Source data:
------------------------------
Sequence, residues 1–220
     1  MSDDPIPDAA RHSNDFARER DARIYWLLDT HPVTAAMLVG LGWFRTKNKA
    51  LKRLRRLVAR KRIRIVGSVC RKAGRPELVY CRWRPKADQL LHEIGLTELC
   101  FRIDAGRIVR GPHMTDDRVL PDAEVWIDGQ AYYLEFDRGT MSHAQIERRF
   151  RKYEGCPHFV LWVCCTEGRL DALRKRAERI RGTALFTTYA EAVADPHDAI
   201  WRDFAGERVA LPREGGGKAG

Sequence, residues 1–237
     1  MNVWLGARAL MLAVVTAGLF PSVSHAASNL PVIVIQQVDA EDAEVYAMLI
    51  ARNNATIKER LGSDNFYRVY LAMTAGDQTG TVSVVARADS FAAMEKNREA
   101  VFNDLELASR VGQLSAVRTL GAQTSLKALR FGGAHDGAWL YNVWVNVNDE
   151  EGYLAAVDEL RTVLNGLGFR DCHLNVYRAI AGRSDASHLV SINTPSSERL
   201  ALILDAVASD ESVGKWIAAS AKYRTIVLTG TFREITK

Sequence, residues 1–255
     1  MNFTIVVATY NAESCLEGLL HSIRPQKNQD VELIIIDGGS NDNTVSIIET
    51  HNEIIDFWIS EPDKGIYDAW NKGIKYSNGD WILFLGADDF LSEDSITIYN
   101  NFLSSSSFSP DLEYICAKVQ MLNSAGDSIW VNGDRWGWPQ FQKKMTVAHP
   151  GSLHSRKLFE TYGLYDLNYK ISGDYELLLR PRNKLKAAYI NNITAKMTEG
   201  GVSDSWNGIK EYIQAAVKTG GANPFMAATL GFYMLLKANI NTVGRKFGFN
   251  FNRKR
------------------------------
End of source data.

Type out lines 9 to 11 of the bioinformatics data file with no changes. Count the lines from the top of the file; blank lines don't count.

    51  ARNNATIKER LGSDNFYRVY LAMTAGDQTG TVSVVARADS FAAMEKNREA
   101  VFNDLELASR VGQLSAVRTL GAQTSLKALR FGGAHDGAWL YNVWVNVNDE
   151  EGYLAAVDEL RTVLNGLGFR DCHLNVYRAI AGRSDASHLV SINTPSSERL